More Croats emigrated in the past 8 years than in the time of Yugoslavia, where in a period of 46 years, about 350,000 Croats emigrated to Western Europe. In the past eight years, more than 370,000 emigrated from the finally free, sovereign, and European Croatia. This migrant paradox was pointed out by dr. sc. Tado Jurić from the Department of History of the Croatian Catholic University. He recently conducted an important study in Germany, "Emigrants' Perceptions of Croatia", which identified huge differences between former waves of emigrants, with a strong tendency to return, and the modern exodus, with the intention to leave everything behind.

"Emigrants used to use every opportunity to visit their homeland. Today, many, unfortunately, are no longer interested in their own country: before, only three percent of them said they would stay in Germany forever, and now there is more than 45 percent. In the past, 80 percent of Croatian migrants wanted to return, while now it is only 15 percent of the Croats living in Germany'', Jurić warned in his study. The paradox is all the greater that the former emigrants, as a rule, did not have their own real estate in their homeland, and the current ones usually have it. Once upon a time, their primary goal was to save in order to achieve something in their homeland: build a house or buy a car or a tractor. Today's emigrants leave all their homeland fields and estates and often live in German modest rooms.

Throughout history, Croatia has always been a country of emigration: it witnessed large waves of emigrants across the Atlantic on the eve of World War I, then from 1918 to World War II, then immediately after World War II and after 1965, when Western European countries were most preferred. After the 1990s, Croats mostly emigrated to Germany, Switzerland, Austria, Ireland, Canada, the USA, Australia, and New Zealand.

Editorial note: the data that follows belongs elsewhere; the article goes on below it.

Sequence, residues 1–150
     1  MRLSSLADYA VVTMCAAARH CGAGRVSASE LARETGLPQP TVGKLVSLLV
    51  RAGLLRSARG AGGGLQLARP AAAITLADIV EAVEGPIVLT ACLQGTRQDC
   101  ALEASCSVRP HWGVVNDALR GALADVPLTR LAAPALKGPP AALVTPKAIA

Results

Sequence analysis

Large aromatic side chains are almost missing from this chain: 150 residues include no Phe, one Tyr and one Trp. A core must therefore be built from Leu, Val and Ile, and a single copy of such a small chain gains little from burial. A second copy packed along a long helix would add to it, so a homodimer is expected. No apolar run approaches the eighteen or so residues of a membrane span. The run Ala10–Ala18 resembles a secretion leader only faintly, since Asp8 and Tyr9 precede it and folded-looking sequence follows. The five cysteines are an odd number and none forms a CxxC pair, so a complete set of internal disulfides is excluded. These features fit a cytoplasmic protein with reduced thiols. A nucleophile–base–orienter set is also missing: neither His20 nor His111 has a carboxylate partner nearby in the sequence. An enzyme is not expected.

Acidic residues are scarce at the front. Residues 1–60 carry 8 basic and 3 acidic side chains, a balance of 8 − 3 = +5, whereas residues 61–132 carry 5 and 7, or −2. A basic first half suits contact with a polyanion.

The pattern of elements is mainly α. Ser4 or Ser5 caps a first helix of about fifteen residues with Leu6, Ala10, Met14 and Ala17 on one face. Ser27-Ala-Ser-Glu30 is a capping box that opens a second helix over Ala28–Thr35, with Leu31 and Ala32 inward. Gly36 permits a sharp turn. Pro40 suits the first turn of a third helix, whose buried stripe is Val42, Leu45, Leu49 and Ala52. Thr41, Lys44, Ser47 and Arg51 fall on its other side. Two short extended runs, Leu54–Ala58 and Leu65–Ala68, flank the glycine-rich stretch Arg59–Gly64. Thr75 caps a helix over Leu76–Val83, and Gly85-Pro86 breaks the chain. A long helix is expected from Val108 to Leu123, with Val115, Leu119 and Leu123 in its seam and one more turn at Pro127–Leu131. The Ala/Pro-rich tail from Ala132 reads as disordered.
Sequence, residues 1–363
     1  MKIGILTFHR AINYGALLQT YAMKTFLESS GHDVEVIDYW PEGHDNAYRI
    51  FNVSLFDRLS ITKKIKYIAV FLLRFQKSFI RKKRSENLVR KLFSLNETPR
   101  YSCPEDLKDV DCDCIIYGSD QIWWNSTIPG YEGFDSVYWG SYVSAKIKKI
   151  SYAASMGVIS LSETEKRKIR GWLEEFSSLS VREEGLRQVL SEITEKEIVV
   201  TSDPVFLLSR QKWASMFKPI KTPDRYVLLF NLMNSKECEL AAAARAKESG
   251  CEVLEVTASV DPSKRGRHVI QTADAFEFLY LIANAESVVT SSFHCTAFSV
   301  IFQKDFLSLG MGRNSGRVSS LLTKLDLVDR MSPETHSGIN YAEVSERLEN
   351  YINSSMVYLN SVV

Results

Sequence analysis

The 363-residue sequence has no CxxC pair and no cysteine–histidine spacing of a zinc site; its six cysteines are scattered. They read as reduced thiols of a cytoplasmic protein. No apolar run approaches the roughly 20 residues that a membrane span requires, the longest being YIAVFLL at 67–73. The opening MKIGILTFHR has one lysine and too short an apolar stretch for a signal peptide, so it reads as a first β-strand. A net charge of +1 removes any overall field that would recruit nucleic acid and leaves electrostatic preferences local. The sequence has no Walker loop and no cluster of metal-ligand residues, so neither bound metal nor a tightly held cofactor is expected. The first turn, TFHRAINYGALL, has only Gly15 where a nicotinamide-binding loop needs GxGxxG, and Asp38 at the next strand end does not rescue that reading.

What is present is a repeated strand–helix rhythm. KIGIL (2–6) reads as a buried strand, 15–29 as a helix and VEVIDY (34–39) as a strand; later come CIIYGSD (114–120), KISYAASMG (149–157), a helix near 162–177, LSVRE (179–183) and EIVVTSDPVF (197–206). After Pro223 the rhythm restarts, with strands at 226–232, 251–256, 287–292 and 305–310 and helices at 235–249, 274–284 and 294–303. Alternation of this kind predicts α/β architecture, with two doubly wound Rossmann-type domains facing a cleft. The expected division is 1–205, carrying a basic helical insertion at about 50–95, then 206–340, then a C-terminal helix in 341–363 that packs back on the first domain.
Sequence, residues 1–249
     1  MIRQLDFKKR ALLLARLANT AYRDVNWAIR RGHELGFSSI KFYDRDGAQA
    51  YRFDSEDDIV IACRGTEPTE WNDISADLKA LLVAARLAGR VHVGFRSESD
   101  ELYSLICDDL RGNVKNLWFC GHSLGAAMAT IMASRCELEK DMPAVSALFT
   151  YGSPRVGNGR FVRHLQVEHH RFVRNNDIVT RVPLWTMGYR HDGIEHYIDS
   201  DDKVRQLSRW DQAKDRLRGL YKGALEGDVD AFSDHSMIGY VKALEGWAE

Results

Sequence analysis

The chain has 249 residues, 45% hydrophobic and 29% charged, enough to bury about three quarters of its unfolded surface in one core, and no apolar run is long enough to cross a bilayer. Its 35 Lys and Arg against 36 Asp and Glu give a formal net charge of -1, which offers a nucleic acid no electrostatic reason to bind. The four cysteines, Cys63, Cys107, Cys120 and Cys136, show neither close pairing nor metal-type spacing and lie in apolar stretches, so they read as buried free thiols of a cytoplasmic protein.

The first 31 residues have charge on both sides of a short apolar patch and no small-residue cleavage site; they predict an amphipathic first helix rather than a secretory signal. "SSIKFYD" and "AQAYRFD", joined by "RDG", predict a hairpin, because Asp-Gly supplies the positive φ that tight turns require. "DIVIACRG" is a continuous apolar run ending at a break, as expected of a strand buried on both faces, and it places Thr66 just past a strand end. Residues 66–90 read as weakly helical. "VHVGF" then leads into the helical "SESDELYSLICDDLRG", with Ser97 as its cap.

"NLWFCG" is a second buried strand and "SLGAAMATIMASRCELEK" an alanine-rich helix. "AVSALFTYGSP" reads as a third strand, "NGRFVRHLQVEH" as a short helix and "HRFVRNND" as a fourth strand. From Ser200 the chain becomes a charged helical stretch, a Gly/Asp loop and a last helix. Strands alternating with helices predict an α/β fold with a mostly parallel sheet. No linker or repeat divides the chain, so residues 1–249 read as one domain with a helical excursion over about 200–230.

The already mentioned scientist Dr. Tado Jurić in his latest scientific study "Are we losing Croatia" showed that unemployment or inability to find a suitable job in Croatia are not the main motives for current emigration, but primarily injustice, the immorality of political elites, legal uncertainty, nepotism, and corruption. Pushing factors from Croatia are much stronger in modern young people than the objectively more attractive elements of life abroad.

It is unlikely that there will be a greater return of new Croatian emigrants, because the reasons why they do not want to return are the same and have not changed for years in relation to what drove them from their homeland, concluded Dr. Jurić. An unjust society and the so-called captive state, corruption, weak institutions, nepotism, and clientelism are stably immobile in Croatia, so in their decision to live elsewhere, in a more orderly and just society, they are equally firm and immovable.

To learn more about the Croatian diaspora, be sure to check our dedicated section.

Saturday, 15 January 2022

EHF Euro 2022: Croatia Beats Serbia 23:20!

January 15, 2022 - Croatia beats Serbia 23:20 in the second match of Group C at the EHF Euro 2022 in Szeged, Hungary.